Tag Archive: Susan Tepper


Following on from last week’s (first ever) guest blog and continuing with the wonderful “My Writing Process” series, I now present you with a guest blog from Bonnie ZoBell who gives us an wonderfully honest insight into her writerly world!

Bonnie ZoBell: My Writing Process: Blog Tour

And now I hand you over to Bonnie herself, enjoyToday I’m taking part in the #MyWritingProcessTour. It’s so interesting and instructive to see how other writers go about their work. I was nominated by my friend, Susan Tepper, writer extraordinaire. Be sure to get a copy of Susan’s latest book, The Merrill Diaries, beautifully written and a thought-provoking romp through the U.S. and parts of Europe.

The awkward part about writing this blog post is that at the moment I don’t have much of a writing process because besides teaching, I’m in the process of birthing my newest book, What Happened Here: a novella & stories. I’m doing everything I can to ease her passage into the world, making sure she’s nurtured in every possible way, and giving her a good wholesome introduction with the hope people will be as good to her as they’ve been to me. At the moment, it’s on pre-release and available only on my site, but she’ll be officially launched on May 3rd. What I’ll do here is write about my process when I’m writing. I warn you: This process isn’t entirely the healthiest for children and other living things, in other words younger writers. Don’t show this to your students.

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What am I working on?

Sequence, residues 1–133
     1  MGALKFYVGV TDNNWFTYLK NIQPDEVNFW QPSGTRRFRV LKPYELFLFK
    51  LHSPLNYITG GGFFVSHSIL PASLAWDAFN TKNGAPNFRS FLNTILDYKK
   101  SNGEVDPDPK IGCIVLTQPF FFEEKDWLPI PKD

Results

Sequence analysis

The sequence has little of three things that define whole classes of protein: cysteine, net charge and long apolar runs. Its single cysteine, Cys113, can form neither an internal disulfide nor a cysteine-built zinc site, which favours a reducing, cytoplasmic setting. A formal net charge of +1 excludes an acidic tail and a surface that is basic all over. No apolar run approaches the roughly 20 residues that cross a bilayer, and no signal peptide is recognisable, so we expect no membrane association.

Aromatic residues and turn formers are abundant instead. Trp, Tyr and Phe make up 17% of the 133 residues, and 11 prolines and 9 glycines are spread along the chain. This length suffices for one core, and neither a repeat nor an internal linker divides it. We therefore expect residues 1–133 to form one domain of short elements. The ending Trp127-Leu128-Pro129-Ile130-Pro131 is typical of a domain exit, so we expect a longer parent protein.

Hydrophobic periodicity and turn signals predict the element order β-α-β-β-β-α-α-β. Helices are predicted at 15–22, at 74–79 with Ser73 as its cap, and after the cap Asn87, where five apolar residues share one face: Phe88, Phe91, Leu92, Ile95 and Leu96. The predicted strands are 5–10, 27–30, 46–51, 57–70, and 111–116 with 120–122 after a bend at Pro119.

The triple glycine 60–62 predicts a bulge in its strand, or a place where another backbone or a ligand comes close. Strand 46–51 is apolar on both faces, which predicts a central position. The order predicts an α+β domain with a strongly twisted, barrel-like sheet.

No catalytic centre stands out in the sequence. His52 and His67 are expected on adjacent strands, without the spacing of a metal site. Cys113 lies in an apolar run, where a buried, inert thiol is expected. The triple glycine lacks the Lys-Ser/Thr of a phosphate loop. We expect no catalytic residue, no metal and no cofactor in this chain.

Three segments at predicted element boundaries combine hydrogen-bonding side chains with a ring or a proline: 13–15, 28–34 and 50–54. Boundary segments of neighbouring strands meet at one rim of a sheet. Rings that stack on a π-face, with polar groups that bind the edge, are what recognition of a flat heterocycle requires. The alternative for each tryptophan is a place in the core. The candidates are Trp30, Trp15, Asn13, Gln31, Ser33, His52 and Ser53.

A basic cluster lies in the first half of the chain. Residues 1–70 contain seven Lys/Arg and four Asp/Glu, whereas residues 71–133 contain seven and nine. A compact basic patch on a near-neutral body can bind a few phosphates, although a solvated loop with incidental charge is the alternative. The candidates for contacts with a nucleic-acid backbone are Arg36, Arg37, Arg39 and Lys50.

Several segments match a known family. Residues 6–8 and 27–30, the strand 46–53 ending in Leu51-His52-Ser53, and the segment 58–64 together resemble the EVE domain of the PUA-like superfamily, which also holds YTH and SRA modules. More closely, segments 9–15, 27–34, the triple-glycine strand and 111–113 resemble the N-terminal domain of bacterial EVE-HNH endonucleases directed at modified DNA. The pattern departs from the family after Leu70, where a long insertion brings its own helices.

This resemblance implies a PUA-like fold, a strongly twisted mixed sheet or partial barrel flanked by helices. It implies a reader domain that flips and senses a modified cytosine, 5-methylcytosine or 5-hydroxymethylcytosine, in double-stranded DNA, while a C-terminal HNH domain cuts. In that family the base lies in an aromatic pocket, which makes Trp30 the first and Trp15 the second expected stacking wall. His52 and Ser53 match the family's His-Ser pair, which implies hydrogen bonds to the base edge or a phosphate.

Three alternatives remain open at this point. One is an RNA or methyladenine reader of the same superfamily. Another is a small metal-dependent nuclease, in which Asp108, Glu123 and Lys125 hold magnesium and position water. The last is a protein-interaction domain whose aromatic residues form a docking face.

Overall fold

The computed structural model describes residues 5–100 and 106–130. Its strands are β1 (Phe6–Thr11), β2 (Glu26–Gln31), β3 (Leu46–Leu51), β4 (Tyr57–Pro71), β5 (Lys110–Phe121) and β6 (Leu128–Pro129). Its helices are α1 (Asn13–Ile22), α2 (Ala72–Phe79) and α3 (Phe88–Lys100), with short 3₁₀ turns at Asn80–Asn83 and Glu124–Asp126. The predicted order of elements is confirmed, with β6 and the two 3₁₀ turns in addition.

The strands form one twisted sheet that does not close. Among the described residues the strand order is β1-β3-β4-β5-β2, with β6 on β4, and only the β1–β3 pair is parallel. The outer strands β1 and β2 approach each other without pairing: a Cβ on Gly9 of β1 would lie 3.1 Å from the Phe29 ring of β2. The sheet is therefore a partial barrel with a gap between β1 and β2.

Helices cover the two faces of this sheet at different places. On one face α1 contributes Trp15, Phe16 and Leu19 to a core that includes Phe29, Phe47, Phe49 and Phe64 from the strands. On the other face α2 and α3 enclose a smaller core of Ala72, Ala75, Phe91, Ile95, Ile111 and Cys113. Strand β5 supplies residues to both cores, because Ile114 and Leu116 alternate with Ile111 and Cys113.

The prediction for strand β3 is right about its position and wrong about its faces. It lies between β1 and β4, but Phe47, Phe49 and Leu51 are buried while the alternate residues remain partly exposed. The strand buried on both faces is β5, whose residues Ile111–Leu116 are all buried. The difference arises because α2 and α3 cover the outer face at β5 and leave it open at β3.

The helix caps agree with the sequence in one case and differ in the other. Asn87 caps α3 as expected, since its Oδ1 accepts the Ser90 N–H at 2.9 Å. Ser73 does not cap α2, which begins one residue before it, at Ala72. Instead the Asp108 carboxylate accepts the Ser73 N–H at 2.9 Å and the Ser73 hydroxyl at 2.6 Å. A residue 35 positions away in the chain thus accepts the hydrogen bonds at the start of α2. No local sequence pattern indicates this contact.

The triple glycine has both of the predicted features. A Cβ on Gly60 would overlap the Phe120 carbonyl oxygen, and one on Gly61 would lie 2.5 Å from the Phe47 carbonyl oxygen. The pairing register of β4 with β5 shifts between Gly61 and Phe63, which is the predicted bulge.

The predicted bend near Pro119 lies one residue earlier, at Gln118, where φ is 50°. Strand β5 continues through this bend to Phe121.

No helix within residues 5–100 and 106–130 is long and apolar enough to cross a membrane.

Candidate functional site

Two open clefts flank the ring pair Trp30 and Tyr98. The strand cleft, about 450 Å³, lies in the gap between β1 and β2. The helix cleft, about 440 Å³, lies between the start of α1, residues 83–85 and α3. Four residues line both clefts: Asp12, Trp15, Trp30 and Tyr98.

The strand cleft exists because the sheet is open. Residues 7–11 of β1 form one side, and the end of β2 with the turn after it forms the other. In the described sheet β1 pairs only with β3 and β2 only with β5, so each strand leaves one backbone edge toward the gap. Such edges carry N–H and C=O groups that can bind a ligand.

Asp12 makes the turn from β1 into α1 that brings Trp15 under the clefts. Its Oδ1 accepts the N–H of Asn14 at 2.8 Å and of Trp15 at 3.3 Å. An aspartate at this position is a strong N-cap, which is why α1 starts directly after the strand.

I’ve gone back to an old novel, most recently called Animals Voices—which I worked on for many years—because I think I’ve finally figured out a solution to a problem I was having. The story starts out with some young kids, the boy very curious about the unusual girl, after he gets over her strangeness and the way all his friends make fun of her, because she can communicate with animals. They grow up and marry and he is diagnosed with AIDS in the early years. Communication is difficult when no one will acknowledge the disease, probably even more so than communicating with owls. Then I’m going to go back to another novel that I also spent years on called Bearded Women, about a woman who goes to an electrologist because she’s hirsute. There are class issues between her and the electrologist, and it comes down to the main character needing to pluck other parts of her persona as well.

 

How does my work differ from others of its genre?

I’d call what I write literary fiction, though I’d like to write more magical realism. Oh, give me anything to read that contains beautiful language and a good story, and I’ll devour it. Perhaps mine differs because of my love of setting. I’m thrilled going back to Animal Voices, getting the chance to revisit the southern part of Del Mar in San Diego, land filled with an estuary, all kinds of unique crawly life, and the magnificent Torrey Pine trees. These gnarled pines grow crooked because they’re on the bluffs right above the ocean and therefore get a lot of strong winds. They’d be creepy if they weren’t so beautiful.

I’m no minimalist, though I try to be as spare as I can. I like to think that sometimes I’m successful at writing beautiful, in-depth descriptions that let you see images in life in a unusual way without going overboard.

I’m whimsical.

 

Why do I write what I do?

I write because I love language and because writing fiction helps me figure out the world. I’d be lost without it.

 

How does my writing process work?

This is the unhealthy part: I’m a binge writer. I can go for days, weeks, even a couple of years and do nothing but write. I ignore my husband and animals, my hair gets dirty, my bills don’t get paid, and I wear clothes that should have been recycled some time ago if I get really passionate and possessed about what I’m writing. But it takes a toll. So after doing this for a while, it’s hard to allow myself to go back there—there’s so much deprivation. Unfortunately, the other side of it is that I can also go for a long time not writing at all. That’s where I am right now while I promote and regroup from my collection. But I’m daydreaming about those Torrey Pine trees.